HONG KONG MARCH: DEMOCRATIC SPIRIT IS ALIVE AND KICKING

The protest march on the annual handover day in the Central Business District of Hong Kong was an expected success and that is the big news about it, this beautiful banner photograph from the South China Morning Post coverage tells us.

There were clashes with police and over 500 were arrested, that is the big news about it.

The protesters sounded motivated by the outcome and warned of more intense protests later this year demanding democratic reforms and that is the big news about it.

Over half-a-million turnout was expected and it did happen and it tells people are becoming more and more vocal and determined about their struggle.

And the slogan of this year’s July 1 handover day protest march, “defending Hong Kong Authority: No fear of Beijing’s threat of comprehensive control” explains this attitude well.

Two protest marches with largest turnouts in the recent history of Hong Kong, the June 4 Tiananmen protests vigil night and the July 1 handover day march, that has changed its character from being a ceremonial day to a day of protest, within a month, and that, too, against the might of a manipulative and oppressive government, give us inspiring shots for pro-democracy resistance movements.

Residents of Hong Kong who migrated from the mainland to have a life away from the Chinese wars during the imperial period and subsequently from the Communist rule are fighting to reclaim the life they had during the colonial years especially in the later half of the 20th Century that saw rapid economic growth making its per-capita-income among the highest in the world.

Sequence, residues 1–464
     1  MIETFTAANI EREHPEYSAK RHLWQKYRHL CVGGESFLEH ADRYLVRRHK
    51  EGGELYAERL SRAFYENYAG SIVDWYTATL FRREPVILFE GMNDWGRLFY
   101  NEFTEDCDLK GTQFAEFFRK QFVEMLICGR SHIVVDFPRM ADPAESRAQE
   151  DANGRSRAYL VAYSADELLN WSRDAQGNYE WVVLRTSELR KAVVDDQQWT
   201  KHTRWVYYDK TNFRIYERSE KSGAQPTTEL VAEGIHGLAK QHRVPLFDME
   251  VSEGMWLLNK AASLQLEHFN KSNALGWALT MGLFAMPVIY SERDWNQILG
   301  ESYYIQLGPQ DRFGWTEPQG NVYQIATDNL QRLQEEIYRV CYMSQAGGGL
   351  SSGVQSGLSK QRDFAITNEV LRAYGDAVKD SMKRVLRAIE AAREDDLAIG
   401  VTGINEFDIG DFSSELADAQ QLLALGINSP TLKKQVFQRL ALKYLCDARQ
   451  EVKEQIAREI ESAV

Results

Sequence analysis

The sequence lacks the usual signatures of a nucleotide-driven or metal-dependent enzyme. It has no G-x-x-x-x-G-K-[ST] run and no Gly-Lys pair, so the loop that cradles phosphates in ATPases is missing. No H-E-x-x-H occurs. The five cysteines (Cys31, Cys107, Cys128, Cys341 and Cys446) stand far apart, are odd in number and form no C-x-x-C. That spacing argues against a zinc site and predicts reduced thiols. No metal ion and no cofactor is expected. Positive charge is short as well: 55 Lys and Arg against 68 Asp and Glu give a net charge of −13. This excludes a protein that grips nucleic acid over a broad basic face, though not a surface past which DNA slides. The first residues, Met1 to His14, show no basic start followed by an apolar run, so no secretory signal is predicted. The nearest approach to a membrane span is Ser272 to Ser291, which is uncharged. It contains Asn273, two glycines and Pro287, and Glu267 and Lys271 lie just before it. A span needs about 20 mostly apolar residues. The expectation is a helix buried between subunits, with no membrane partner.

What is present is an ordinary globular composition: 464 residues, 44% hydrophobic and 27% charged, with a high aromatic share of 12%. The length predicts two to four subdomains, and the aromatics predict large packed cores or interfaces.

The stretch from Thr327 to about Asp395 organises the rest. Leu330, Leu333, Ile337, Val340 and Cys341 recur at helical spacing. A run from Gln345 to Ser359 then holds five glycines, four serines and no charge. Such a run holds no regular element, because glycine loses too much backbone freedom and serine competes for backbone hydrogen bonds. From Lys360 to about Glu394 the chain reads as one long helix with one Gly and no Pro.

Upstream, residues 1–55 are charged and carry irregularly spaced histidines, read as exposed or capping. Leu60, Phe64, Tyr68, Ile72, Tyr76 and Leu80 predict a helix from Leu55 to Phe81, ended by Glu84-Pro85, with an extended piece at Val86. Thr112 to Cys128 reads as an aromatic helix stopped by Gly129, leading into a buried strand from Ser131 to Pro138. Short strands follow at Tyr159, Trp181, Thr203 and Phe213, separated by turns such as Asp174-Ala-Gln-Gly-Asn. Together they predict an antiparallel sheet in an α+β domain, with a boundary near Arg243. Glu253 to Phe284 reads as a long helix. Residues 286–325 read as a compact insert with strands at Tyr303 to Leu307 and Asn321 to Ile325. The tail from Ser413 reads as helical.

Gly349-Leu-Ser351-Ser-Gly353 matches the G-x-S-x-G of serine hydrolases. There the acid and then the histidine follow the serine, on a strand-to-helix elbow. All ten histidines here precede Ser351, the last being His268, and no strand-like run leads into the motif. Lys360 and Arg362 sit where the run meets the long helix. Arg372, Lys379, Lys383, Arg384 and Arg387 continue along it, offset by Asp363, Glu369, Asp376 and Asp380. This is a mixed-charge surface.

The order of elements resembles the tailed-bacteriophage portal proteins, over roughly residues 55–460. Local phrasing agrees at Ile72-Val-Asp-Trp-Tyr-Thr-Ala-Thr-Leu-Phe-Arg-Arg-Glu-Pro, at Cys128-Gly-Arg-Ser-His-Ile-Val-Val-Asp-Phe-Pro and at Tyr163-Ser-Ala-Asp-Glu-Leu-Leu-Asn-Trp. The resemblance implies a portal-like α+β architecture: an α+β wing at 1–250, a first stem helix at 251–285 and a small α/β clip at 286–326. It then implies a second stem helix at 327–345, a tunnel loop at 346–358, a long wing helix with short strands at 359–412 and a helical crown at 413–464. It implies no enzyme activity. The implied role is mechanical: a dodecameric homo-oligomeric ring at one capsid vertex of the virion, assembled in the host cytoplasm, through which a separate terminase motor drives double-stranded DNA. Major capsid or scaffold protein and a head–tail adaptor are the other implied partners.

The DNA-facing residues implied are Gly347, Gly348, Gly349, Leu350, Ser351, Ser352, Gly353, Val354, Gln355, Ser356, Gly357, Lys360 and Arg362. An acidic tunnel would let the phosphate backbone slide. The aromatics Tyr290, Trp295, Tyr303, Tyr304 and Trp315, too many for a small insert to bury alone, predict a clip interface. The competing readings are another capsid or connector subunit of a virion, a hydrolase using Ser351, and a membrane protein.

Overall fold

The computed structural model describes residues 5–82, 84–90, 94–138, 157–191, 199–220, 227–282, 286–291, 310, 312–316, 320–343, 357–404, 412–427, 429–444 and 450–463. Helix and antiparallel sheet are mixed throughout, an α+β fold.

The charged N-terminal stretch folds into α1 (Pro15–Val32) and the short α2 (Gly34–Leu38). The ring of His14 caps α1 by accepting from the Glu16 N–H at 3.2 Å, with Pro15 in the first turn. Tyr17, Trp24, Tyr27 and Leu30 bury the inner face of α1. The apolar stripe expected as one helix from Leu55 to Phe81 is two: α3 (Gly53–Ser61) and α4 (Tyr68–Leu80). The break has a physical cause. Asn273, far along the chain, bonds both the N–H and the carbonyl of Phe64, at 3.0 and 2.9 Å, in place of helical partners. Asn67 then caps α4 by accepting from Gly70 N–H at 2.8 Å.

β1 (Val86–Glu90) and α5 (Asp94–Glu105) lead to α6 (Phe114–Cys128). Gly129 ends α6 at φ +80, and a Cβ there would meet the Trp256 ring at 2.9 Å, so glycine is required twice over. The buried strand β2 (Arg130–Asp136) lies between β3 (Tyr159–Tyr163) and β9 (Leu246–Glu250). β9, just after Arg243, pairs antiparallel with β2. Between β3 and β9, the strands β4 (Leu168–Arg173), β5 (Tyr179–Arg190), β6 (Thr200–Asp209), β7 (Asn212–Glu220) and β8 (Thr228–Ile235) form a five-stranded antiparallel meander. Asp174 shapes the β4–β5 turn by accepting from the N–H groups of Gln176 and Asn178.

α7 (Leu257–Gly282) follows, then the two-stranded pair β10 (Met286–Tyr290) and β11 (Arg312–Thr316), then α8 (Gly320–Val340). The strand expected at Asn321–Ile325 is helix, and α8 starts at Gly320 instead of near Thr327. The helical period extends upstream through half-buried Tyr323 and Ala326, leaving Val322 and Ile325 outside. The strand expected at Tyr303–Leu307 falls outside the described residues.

Hong Kong was a global city, an economic powerhouse, driven by positive non-interventionism of the city administration.

Hong Kong is still an Alpha+ world city – a nodal point on the global economy map – but is now seen as a semi-authoritarian regime – with rising inequality – highest among the developed economies.

The 17 years of Beijing efforts have undermined much and are working to crush whatever is left in the name of the democratic spirit of Hong Kong.

And the surging protests and the rising people tell the spirit is well alive and kicking now. Protests led by students and youngsters are drawing people from every segment of the city-state. Reports say Hong Kong’s chief executive Leung Chun-ying was heckled by politicians in the legislative council for the police action against the protesters.

Hong Kong has economic freedom. It has financial competitiveness. Its Human Development Index is very high. The basis of the judicial system is still the English Common Law.

But these don’t matter until there is personal freedom and civil liberties to choose your own government and decide on your days and your future.

The global residents of Hong Kong know a sweeping mainland governance with its in-built autocratic culture if implemented in Hong Kong, something China is trying for years, will change this all, as is the case in the mainland.

And they are protesting this – to preserve what Hong Kong was.

They are fighting to remain the free global citizens of the third most important global business centre of the world.

©/IPR: Santosh Chaubey – https://santoshchaubey.wordpress.com/

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